3 Great Denmark Street, Dublin 1, Ireland
info@oliviercornetgallery.com
087 288 7261

Tues to Friday: 11am - 6pm (8pm on Thurs)
Sat & Sun: 12 noon - 5pm

'Things are going to slide'

11 May - 11 June 2017

Two-person show
Artists Mark Doherty and Kelly Ratchford

Official opening: Thursday 11th May, 7 pm, Olivier Cornet Gallery, 3 Great Denmark Street, Dublin 1
Guest Speaker: Kieron J. Walsh, Film Director and Producer, Blinder Films

"We all need our bed time stories. Kelly Ratchford and Mark Doherty give us theirs. Stories through characters they carve and let out to face us. This time the two makers slid into each other’s workshops like partnering Gepetto-s casting a critical eye on the world. And they created their own worlds.

The tool that I grab to weave my way into Mark’s work is the concept of ‘system’. For Kelly’s mug shots (or portraits?), it’s ‘uniqueness’ and ‘individuality’. The system of the one’s methodically weaved armies seems to absorb and crush uniqueness. Yet the unique creatures of the other also appear crushed or vulnerable but somehow, as if by self-producing miracle, pulling through, making their way through some invisible but no less powerful system. No matter how I try to resist the notion, I can’t help seeing them as heroic figures, facing and making choices, resisting others making decisions for them.

People making decisions for other people is a condition we face a lot in our societies and the sub-worlds we allow to be built in them. When faced with Mark’s world (or worlds), questions about free will, agency and relations of power creep up. Who is who, who is what, who decides, is anyone free, does the concept of freedom exist within the system? As is the case in language, systems have to do with entities, architectured hierarchies, rules governing relations, but also change: a history can be tracked, a future can be conceived. Or are we already in the future? Why do people need masks to breathe and are Kelly’s little persons freer without them or more exposed?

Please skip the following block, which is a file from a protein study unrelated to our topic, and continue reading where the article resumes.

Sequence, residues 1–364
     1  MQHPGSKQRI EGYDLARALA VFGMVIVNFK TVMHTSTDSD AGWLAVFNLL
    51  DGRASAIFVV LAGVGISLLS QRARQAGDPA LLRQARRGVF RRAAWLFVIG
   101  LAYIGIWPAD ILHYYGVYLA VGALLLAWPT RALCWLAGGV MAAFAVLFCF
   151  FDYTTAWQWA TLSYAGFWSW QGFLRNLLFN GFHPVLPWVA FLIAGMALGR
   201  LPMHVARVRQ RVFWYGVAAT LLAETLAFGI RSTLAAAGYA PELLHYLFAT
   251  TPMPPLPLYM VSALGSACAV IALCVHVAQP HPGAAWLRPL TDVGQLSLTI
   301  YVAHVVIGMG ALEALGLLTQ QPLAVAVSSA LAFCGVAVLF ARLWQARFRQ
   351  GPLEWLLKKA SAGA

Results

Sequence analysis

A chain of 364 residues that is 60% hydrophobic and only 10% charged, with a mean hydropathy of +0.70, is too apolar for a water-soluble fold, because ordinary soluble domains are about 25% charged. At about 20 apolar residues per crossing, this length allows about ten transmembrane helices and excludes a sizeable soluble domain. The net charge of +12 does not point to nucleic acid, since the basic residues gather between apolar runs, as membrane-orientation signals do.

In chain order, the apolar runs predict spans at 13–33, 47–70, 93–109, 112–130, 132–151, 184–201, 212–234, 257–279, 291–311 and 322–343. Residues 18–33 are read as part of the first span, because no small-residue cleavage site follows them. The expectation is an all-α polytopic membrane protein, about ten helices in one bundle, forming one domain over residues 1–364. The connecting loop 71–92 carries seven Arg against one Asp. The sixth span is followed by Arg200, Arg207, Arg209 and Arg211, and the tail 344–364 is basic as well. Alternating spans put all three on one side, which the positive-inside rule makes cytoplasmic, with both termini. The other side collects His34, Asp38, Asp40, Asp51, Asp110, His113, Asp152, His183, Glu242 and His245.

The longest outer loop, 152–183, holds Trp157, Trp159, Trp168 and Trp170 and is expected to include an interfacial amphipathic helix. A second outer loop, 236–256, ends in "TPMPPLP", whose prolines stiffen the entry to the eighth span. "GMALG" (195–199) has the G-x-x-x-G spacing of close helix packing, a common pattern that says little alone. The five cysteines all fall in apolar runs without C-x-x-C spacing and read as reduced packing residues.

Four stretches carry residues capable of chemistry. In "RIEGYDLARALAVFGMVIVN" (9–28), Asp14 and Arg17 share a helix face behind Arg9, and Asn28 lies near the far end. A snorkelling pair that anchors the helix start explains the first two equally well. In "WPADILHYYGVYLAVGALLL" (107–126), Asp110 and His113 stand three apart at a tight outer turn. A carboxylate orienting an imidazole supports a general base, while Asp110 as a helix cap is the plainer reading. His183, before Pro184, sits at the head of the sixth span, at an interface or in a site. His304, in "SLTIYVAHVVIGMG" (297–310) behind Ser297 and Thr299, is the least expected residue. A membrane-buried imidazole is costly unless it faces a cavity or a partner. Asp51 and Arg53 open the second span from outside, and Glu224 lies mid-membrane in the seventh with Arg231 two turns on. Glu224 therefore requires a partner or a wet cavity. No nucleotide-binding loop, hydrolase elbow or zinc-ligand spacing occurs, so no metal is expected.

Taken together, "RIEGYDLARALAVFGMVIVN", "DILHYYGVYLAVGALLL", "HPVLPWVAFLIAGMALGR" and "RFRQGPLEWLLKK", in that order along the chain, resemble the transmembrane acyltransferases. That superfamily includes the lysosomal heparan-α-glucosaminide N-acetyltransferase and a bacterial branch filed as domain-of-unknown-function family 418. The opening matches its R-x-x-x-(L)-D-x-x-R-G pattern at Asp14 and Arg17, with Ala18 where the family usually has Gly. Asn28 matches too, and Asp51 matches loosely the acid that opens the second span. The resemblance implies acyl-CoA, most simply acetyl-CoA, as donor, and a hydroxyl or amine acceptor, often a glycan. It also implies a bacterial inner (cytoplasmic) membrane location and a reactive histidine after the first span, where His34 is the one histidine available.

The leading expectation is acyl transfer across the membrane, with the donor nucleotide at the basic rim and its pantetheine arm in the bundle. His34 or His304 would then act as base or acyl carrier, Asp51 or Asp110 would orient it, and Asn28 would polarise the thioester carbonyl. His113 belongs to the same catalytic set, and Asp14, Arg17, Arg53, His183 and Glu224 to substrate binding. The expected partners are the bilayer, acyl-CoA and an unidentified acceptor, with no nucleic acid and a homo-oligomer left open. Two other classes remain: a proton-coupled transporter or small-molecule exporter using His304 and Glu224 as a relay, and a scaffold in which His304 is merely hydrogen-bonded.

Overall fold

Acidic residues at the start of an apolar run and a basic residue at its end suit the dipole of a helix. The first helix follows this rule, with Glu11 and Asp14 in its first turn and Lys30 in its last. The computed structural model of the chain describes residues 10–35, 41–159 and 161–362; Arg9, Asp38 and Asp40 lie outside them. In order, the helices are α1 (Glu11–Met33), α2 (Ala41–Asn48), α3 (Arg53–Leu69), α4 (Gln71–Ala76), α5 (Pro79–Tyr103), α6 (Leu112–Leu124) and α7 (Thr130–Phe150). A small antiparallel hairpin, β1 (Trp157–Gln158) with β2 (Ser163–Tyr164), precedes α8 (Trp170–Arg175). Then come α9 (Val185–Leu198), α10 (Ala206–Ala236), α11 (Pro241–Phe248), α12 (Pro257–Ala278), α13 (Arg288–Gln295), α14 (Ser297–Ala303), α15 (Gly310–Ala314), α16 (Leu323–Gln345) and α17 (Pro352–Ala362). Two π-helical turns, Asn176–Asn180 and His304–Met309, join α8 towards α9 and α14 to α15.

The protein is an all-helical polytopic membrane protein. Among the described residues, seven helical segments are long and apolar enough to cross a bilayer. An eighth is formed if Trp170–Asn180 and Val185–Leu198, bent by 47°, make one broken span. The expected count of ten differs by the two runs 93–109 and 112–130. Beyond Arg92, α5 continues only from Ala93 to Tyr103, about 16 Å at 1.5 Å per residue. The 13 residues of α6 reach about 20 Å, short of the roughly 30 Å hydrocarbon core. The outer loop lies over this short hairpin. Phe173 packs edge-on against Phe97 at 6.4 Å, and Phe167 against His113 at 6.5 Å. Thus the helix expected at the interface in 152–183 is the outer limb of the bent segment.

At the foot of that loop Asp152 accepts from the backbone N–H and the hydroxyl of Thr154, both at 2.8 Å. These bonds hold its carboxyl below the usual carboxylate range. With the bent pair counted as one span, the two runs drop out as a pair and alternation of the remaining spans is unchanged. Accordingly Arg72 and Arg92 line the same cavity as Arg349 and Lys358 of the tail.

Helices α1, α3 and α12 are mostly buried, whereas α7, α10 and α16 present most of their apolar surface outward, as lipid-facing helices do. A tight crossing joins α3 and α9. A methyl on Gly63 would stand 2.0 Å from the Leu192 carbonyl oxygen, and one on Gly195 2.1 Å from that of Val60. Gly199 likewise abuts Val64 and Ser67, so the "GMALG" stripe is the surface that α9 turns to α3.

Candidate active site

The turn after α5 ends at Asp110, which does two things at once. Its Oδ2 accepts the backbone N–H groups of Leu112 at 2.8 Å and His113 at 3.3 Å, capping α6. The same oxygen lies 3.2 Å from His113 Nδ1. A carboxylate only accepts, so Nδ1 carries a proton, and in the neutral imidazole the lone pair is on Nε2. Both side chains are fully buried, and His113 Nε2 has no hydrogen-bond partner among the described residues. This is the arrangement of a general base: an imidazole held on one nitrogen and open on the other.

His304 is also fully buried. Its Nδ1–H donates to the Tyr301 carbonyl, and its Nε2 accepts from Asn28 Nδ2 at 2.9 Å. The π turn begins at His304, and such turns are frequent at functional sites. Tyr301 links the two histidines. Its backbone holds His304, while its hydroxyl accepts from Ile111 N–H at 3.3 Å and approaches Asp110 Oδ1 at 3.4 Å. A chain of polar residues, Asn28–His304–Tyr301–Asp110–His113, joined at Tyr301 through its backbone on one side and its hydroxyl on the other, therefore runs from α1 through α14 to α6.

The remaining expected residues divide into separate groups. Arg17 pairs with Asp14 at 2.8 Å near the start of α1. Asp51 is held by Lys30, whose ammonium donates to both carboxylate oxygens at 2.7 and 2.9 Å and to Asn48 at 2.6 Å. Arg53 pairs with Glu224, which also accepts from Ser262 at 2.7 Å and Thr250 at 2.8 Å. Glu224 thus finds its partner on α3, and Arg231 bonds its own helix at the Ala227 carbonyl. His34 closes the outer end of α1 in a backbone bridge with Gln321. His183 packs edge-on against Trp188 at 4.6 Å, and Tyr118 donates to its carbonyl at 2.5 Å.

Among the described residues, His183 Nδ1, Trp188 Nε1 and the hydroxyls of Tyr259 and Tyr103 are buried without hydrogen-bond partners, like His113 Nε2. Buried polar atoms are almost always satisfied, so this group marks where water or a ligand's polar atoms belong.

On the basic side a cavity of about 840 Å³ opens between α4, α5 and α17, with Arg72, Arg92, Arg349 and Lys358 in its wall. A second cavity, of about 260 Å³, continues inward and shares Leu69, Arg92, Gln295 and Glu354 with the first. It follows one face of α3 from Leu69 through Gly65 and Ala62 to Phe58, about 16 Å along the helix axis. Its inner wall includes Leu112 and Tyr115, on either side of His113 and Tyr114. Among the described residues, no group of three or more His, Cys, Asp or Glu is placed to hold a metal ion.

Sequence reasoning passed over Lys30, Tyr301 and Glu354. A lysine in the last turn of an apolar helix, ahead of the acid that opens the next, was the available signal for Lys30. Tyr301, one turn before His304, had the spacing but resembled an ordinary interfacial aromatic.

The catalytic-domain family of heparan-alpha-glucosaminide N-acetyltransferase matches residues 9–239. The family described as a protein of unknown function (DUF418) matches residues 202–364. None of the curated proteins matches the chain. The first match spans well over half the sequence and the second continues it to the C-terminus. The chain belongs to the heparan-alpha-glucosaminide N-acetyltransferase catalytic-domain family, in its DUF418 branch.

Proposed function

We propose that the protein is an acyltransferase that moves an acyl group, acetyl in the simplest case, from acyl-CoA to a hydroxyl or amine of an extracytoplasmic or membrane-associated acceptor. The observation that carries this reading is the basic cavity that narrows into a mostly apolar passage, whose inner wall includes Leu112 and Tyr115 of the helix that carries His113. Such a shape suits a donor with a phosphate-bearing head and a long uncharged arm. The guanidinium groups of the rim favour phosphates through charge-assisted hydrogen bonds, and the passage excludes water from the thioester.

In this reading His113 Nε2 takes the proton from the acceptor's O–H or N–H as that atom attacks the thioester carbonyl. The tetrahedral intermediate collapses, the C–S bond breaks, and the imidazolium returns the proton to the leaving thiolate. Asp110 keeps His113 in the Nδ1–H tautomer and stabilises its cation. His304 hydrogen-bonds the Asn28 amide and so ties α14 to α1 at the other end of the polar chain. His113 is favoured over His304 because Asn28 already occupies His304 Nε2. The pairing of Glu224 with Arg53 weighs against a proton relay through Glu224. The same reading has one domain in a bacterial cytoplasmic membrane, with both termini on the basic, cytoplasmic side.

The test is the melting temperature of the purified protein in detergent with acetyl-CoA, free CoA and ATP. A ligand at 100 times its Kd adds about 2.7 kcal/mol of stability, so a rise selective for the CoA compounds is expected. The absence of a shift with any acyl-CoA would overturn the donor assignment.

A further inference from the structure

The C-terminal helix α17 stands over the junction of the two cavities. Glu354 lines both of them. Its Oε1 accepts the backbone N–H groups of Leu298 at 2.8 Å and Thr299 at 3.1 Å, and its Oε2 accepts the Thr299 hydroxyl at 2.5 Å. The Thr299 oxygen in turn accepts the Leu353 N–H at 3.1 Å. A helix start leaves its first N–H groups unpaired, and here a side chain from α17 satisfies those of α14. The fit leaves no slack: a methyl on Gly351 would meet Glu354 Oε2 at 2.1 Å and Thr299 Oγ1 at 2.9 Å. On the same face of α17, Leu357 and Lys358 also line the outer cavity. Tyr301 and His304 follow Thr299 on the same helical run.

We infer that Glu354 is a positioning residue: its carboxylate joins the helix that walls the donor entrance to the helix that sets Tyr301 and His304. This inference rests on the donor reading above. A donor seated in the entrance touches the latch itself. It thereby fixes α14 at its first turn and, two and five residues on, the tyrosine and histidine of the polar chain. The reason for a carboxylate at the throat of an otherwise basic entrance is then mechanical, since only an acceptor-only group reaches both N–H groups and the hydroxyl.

The two artists exchanged uncompleted works for the other one to finish and possibly produce some magic answers or re-feed their systems. At the time of writing I have still not seen the outcomes and I am left wondering how Mark’s sharp line, detailed equipment, supervision engineering, mythologies, use of language and signs will play out along with the shyly declared individuality of Kelly’s characters. It’d be like letting an outsider into a Lanthimos film.

“Reading” Mark’s work is not unlike learning a language, where meanings are to be identified and relations to be recognized. It was a real challenge when he invited me to identify his characters and their environment. Relationships that amount to “of” and “about” are not ones I readily enter into when it comes to visual art, or indeed any art. And yet, I gradually came to realise that the ‘of’ and the ‘about’ in our encounter with Mark’s world(s) become part of the ‘in’, the big in we look for in art works, where thinking and feeling become one. When, last year, I coincidentally adopted a work of each artist at the same time, it was intriguing linguistic games and intellectual play that attracted me to the one and feeling that pushed me to the other: the type of feeling that sometimes makes you shout: “Well done little one!” And there are so many little ones. One wonders how Kelly manages to create so many and make them all so unique. Like a loving teacher with a magic knowledge of all her students’ personality, past and future, deeds and misdeeds. Yet it is among Mark’s pieces that you’ll find a classroom, where uniqueness hides under uniforms and breathing masks, where curtains, signs and symbols frame the individuals.

I imagine Kelly’s troubled young people - maybe one fixing her (or his?) pearls, the other one coming out of court - sliding into Mark’s world and meeting his own troubled souls, putting their exoskeletons on, freeing them of their helmets, confusing their masters, plotting with them, troubling the waters, restoring agency…

This is a show that does that to an adult."

Jenny Papasotiriou, 18 April 2017

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